AccidentialMustache

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Re: Bees swarming - pollenating or looking to start a hive?
« Reply #5 on: November 03, 2021, 06:49:00 PM »
If there isn't a writhing, buzzing mass of thousands of bees, it isn't a swarm. There will be no doubt in your mind. Think "basketball made of solid bees clinging to each other."

When I was a kid my folks had a beekeeper who had hives in our backyard. We'd get occasional honey, and dad got his garden and fruit tries well pollinated. Never once was I stung by a bee (wasp yes, once, bees never).

That said, they might not be colony-based honeybees. There's plenty of other (solitary) bee species that it could be, as well as a number of bee-mimic fly species.

JoePublic3.14

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Re: Bees swarming - pollenating or looking to start a hive?
« Reply #6 on: December 02, 2021, 04:21:39 PM »
Our next door neighbor pointed out that there are bees hovering around some palm trees in front of our properties. The palm trees appear to have white shoots/branches coming off of them which I think might be the palm seeds or nuts? The bees are hovering around them possibly for the nectar but we're not sure if they might be trying to build a hive.

Anyone know if this is just a temporary thing or is it a bigger cause of concern? Should we have pest control out to deal with them?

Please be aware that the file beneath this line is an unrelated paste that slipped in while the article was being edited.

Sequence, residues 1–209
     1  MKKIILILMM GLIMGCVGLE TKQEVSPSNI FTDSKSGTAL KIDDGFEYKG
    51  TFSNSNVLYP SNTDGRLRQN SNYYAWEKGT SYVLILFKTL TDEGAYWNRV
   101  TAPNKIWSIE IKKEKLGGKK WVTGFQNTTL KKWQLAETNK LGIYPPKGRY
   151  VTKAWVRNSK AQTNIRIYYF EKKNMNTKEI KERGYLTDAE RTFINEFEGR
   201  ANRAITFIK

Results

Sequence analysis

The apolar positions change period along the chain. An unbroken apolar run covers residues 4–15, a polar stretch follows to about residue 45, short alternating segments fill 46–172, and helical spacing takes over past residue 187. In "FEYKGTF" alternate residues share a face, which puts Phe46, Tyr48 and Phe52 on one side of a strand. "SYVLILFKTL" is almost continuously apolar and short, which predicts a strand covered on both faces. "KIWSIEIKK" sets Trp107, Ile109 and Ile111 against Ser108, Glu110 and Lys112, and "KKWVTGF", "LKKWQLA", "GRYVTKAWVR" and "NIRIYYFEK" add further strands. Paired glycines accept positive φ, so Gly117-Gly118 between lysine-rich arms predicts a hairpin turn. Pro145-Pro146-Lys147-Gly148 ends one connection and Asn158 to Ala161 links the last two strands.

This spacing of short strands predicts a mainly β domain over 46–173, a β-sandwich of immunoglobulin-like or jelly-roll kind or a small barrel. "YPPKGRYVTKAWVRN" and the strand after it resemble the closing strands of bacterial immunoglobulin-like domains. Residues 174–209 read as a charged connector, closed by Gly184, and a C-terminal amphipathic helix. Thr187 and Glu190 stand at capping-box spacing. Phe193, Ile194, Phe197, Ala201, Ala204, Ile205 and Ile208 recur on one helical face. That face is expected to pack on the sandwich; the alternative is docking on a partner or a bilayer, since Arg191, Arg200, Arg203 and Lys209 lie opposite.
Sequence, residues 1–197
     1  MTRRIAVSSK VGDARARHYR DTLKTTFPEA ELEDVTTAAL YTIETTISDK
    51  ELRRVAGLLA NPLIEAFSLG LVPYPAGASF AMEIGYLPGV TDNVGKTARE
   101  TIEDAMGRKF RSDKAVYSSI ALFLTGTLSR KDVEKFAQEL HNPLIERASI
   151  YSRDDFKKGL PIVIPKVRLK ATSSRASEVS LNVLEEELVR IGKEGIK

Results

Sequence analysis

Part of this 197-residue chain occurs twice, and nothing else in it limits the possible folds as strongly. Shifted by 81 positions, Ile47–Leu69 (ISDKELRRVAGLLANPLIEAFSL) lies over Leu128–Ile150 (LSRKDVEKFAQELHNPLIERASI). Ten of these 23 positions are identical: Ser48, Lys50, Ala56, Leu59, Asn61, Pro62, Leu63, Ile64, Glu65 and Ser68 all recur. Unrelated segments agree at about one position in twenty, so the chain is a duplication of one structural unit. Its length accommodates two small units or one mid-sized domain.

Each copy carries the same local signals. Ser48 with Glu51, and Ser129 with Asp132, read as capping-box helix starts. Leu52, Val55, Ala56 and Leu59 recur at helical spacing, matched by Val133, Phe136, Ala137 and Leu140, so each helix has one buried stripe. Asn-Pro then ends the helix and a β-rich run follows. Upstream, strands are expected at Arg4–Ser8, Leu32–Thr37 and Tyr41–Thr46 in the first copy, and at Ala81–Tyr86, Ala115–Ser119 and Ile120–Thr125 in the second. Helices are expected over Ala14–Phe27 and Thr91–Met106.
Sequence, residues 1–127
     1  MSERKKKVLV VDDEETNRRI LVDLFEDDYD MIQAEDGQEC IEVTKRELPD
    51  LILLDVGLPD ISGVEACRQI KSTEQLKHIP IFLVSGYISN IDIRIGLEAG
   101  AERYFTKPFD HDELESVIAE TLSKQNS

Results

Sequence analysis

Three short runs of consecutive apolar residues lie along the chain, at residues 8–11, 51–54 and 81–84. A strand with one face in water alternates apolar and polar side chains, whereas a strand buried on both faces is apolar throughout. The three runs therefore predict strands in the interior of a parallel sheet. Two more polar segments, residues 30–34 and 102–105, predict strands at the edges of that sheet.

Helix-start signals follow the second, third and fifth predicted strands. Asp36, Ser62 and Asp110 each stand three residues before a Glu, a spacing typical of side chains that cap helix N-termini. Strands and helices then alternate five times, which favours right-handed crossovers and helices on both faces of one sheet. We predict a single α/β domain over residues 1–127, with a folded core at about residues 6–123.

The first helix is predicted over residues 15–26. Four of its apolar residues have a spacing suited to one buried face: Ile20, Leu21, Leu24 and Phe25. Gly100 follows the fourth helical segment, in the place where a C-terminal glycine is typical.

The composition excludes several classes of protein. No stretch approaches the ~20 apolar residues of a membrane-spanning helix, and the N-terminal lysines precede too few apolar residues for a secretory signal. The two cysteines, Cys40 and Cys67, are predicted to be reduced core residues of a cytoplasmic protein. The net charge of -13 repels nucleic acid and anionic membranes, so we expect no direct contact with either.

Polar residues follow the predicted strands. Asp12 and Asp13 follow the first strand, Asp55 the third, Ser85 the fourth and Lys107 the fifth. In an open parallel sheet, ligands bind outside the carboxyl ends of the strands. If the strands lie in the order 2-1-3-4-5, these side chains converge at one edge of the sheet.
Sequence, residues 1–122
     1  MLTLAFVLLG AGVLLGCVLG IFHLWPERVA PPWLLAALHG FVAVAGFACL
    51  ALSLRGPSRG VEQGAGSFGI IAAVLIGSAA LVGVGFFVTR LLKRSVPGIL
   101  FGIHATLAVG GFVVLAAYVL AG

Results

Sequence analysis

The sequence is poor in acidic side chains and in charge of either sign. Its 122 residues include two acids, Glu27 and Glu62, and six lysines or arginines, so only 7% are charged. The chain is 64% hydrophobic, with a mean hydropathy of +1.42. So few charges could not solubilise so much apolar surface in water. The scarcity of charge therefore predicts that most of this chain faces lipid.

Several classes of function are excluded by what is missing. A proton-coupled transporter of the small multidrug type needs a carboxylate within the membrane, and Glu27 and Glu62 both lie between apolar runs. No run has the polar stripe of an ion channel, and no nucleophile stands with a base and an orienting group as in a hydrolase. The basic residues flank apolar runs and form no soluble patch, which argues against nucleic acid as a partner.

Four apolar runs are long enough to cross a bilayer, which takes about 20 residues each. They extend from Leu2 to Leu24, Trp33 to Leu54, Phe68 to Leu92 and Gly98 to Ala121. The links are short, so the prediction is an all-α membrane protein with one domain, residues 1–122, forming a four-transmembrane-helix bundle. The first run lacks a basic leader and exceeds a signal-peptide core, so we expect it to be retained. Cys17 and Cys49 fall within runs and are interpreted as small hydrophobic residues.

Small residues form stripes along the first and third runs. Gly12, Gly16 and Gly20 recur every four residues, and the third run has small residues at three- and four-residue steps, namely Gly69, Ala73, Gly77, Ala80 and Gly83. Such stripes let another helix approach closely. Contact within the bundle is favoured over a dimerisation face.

@jeromedawg

Just perusing some threads, and got curious about how this played out? Did they move on along? I assume so since the description seemed clearly to point towards ‘nothing to see here, buzz on along'

jeromedawg

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Re: Bees swarming - pollenating or looking to start a hive?
« Reply #7 on: December 03, 2021, 10:35:31 AM »
Our next door neighbor pointed out that there are bees hovering around some palm trees in front of our properties. The palm trees appear to have white shoots/branches coming off of them which I think might be the palm seeds or nuts? The bees are hovering around them possibly for the nectar but we're not sure if they might be trying to build a hive.

Anyone know if this is just a temporary thing or is it a bigger cause of concern? Should we have pest control out to deal with them?

@jeromedawg

Just perusing some threads, and got curious about how this played out? Did they move on along? I assume so since the description seemed clearly to point towards ‘nothing to see here, buzz on along'


LOL - yea they're not around. Our neighbor is just "bee-sensitive" hahahahaha. I ended up procuring a pole saw/cutter from my FIL so took down the seed pods that were originally attracting them. We've actually cleared out the forest er yard significantly with my inlaws' help. We didn't ask them to either - I think they've just been bored the last couple visits and my FIL really likes to do gardening/clean-up work so he was inclined just to go and start cutting. We cut down a lot of the runaway bamboo and now it's going to be a game of digging up the stragglers.  Anyway, I digress...